Tuesday, September 14, 2010

Cranfield on Romans 1:17

…to take ‘God’s righteousness’ as referring to the righteous status given by God agrees better with the structure of the argument of the epistle, in which 1.18-4.25 expounds the words ‘he who is righteous by faith’ and 5.1-8.39 the promise that the man who is righteous by faith ‘shall live’. If 2.13; 3.20;, 28; 4.2, 13; 5.1, 9, 19, are examined carefully, it will be seen that it is on the status resulting from God’s action and on the men on whom the status is conferred rather than on the actual actions of God that attention is focused.

The sense of the whole sentence, as we understand it, may be set out as follows: For in it (that is, in the gospel as it is being preached) a righteous status before God which is God’s gift is being revealed (and so offered to men), a righteous status which is altogether by faith. …by revealing and making available precisely this gift of a status of righteousness before Himself God is indeed acting mightily to save.

As used by [Paul], ‘faith’ has the same sense as it has in the earlier part of v. 17 and ‘shall live’ refers, not to political survival, but to the life of God, which alone is true life, the life which the believer begins to enjoy here and now, and will enjoy in its fullness hereafter.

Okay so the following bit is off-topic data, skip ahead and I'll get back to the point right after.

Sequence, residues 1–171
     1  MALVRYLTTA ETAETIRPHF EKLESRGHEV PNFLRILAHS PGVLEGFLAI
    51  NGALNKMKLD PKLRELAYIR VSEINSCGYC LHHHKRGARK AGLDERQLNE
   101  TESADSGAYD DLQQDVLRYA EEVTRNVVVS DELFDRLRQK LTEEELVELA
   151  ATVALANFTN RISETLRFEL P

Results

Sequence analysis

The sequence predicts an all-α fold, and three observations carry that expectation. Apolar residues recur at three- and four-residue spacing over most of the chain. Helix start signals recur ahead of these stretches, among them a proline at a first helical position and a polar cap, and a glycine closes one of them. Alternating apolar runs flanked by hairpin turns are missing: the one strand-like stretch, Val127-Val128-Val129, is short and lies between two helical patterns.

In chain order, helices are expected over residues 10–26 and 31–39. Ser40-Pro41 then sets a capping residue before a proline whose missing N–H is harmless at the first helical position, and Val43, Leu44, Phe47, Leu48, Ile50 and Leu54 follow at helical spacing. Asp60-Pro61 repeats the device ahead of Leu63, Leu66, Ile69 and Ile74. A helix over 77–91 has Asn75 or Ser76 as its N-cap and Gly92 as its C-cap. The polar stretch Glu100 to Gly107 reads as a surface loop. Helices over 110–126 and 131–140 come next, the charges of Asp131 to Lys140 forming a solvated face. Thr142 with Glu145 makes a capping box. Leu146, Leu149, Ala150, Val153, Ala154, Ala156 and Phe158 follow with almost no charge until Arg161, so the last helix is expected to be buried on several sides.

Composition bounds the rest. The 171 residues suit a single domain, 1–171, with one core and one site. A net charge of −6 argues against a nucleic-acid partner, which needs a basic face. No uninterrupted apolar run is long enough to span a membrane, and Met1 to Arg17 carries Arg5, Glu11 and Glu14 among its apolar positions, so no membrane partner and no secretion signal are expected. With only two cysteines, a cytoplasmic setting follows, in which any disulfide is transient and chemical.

4 comments:

The Underground Pewster said...

I am afraid that I am left more confused by Cranfield.

For therein is the righteousness of God revealed from faith to faith: as it is written, The just shall live by faith. KJV

"Therein" refers back to the Gospel of Christ and the power of God unto salvation.

The passage of this revelation from one follower to the next seems to be more fitting to the "faith to faith" part.

The sentence still seems to make more sense as "the righteousness of God."

Chuck Hicks said...

Fair point. I would tend to agree with you on the basis on Romans 3:26a. It seems that Cranfield's overall thesis drives through to 3:27b -- that, in his mind, is the thrust of the epistle. In other words, I think he takes it as given that God is just/righteous (regardless of the world's rejection of it); but that He makes men righteous by faith in what He has done is revealed in the gospel. There might be some weight in that argument if we put ourselves in the shoes of 1st century Jewish Christians who were astounded by the ready conversion of Gentiles.

Thanks for reading and commenting. We shall press further and see how this goes.

Chuck Hicks said...

One other verse that might be helpful in this regard is 2 Cor. 5:21:

"...that we might become the righteousness of God in Him."

Chuck Hicks said...

...in my first coment I meant to say,

Cranfield's overall thesis drives through to 3:26b...

not 3:27b. Sorry for the confusion.